BMW i8 review - the new age sports car - Performance and 0-60 times

Can BMW's performance hybrid deliver conventional sports car thrills?

Evo rating
Price
from £106,000
  • Goes as well as it looks - and it's even fun to drive
  • Lacks the outright driving thrills of the best £100k sports cars

Performance and 0-60 time

The i8’s performance is quite frankly astonishing for a car with a three-cylinder engine. The combination of a 227bhp petrol engine and a 129bhp electric motor means it can deliver an M3-rivalling 0-60 mph time of 4.4 seconds.

The combined hybrid system also generates 420lb ft of torque with the electric motor generating the entirety of its shove immediately. That means that the i8 actually ends up feeling a bit quicker than it reads on paper.

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What’s most impressive with the performance of the i8 is how the two systems work together to create a very clever four-wheel drive setup. The electric motor drives the front axle, while the petrol drives the rear. They both fill in for each other, with the electric motor providing power at the lower end of the rev range and the turbo three-cylinder unit filling in at the top.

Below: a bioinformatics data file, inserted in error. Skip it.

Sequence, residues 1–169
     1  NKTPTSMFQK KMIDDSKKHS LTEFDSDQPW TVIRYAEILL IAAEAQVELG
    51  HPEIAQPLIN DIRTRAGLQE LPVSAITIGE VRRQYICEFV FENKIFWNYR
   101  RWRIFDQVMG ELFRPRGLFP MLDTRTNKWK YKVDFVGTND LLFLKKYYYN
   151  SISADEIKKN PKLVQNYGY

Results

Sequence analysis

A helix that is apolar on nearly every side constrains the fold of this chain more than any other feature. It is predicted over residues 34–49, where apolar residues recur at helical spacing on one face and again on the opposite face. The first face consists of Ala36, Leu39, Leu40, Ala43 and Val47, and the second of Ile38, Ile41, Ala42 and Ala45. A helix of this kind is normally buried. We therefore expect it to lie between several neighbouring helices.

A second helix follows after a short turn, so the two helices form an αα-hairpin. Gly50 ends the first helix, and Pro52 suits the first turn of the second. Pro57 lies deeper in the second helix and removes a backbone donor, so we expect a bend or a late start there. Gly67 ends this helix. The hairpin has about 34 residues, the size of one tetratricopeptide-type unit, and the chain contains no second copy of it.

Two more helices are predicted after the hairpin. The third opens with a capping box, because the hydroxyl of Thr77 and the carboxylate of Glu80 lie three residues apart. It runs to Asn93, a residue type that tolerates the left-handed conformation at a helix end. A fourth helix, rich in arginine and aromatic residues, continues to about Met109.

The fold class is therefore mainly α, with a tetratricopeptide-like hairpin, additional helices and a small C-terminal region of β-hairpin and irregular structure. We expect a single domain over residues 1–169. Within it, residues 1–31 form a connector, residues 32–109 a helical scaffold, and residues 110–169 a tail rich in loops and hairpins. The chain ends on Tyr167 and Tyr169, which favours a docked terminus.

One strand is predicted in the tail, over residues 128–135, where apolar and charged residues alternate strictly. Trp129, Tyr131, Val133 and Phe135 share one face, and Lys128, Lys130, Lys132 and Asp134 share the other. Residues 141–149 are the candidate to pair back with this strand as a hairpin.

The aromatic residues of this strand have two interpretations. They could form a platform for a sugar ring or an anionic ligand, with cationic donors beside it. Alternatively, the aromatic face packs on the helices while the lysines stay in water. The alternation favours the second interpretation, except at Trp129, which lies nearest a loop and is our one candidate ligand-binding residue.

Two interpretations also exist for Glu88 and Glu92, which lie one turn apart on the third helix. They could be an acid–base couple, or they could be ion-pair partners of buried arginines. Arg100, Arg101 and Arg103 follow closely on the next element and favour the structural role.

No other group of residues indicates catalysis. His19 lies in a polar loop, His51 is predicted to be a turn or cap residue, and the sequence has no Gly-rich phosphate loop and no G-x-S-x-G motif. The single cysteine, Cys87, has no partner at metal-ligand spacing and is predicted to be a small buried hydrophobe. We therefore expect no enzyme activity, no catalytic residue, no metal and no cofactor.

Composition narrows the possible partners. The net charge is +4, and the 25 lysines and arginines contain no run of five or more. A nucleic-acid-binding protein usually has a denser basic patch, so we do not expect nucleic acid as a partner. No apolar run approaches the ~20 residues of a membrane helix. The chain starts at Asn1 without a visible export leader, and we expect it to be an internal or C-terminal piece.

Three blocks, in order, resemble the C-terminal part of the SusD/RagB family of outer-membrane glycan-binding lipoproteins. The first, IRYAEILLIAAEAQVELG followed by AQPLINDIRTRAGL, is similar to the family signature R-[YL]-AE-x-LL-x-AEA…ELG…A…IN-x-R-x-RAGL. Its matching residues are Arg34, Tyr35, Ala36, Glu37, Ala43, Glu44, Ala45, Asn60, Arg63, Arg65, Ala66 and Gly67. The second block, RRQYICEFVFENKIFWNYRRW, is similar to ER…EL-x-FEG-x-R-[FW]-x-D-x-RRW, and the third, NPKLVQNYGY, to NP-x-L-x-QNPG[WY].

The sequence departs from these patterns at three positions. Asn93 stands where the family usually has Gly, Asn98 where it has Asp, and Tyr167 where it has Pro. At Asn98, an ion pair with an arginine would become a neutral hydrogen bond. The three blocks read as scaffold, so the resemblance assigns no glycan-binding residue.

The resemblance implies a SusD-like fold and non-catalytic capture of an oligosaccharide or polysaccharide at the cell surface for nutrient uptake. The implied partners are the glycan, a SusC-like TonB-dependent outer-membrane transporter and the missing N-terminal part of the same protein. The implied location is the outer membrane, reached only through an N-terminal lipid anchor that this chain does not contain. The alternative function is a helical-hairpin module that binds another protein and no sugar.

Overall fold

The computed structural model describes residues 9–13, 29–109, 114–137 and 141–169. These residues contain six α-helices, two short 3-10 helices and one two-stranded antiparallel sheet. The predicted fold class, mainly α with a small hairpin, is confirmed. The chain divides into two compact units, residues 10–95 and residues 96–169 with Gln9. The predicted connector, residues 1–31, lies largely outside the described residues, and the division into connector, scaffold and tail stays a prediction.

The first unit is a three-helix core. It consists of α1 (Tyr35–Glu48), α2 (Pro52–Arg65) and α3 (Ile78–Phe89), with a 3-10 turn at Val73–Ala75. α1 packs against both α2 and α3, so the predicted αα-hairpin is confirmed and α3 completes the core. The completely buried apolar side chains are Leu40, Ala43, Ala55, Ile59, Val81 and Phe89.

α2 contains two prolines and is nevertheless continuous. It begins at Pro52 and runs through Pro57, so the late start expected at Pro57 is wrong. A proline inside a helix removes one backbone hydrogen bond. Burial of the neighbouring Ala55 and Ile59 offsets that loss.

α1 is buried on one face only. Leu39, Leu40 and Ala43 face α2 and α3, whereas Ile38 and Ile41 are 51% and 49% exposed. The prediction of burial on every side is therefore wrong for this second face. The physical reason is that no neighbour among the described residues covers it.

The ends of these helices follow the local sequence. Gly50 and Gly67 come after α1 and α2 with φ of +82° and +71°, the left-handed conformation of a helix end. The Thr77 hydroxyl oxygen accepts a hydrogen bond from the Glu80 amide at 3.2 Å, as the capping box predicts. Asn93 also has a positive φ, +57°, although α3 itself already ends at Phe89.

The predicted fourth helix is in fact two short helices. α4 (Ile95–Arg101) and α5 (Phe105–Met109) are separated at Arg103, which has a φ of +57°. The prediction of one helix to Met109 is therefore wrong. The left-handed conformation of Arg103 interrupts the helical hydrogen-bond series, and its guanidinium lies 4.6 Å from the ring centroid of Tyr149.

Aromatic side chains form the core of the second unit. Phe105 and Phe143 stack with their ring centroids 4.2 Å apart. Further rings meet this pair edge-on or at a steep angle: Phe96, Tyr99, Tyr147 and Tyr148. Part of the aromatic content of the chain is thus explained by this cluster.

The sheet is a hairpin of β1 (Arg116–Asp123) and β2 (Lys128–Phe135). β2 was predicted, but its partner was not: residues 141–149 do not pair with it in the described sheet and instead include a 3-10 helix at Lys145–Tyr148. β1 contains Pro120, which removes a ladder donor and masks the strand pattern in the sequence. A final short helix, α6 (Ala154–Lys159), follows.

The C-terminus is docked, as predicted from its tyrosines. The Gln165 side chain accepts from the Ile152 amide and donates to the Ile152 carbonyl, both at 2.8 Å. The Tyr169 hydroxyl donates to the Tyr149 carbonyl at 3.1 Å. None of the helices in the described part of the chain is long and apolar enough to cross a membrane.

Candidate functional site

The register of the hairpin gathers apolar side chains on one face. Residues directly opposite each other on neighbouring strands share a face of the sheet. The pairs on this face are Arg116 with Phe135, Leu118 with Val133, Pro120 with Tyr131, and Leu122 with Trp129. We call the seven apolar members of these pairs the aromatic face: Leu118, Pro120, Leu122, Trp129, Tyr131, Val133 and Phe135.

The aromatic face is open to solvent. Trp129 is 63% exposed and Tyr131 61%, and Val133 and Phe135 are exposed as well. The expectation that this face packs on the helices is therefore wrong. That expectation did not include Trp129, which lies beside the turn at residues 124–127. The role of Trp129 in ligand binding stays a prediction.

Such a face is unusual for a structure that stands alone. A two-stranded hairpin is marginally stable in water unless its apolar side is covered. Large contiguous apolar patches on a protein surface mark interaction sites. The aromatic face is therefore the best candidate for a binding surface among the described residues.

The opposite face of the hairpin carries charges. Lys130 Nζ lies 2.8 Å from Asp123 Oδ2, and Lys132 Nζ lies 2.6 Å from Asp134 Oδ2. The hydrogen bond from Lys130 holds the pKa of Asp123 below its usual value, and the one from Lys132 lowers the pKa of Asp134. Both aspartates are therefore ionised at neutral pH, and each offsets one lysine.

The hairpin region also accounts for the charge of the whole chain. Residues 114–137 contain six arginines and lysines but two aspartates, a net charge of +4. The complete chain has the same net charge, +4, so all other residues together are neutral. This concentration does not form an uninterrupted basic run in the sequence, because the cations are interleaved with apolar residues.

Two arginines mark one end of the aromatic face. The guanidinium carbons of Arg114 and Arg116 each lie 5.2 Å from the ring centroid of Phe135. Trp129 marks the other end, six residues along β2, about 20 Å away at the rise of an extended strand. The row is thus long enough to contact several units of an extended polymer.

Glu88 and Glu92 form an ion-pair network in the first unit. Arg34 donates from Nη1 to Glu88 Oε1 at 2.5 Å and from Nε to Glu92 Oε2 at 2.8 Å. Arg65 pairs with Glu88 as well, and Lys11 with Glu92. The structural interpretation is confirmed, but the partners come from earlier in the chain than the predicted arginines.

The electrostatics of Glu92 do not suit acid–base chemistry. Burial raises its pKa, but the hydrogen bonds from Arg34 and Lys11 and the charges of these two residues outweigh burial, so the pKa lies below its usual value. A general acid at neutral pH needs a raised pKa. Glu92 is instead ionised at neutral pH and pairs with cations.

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This distribution of the drivetrain also helps translate to a perfect 50/50 weight distribution. As for the i8’s weight itself, the car manages 1485kg despite its 7.1 kWh lithium-ion battery. This is thanks to its clever hybrid carbon-fibre/aluminium structure, which saves weight, keeps occupants safe and is nowhere near as expensive as a full carbon-fibre tub.

BMW’s TwinPower 1.5-litre three-cylinder delivers a soundtrack that does the i8’s looks justice. Obviously a large part of that comes from cleverly synthesised audio work, but in a car as ‘digital first’ as the i8, it’s more forgivable than in the likes of the M3 and M4. Just don’t open the windows in a tunnel and expect your ears to be blown off, as a lot of the noise the i8 makes is a cabin-only affair.

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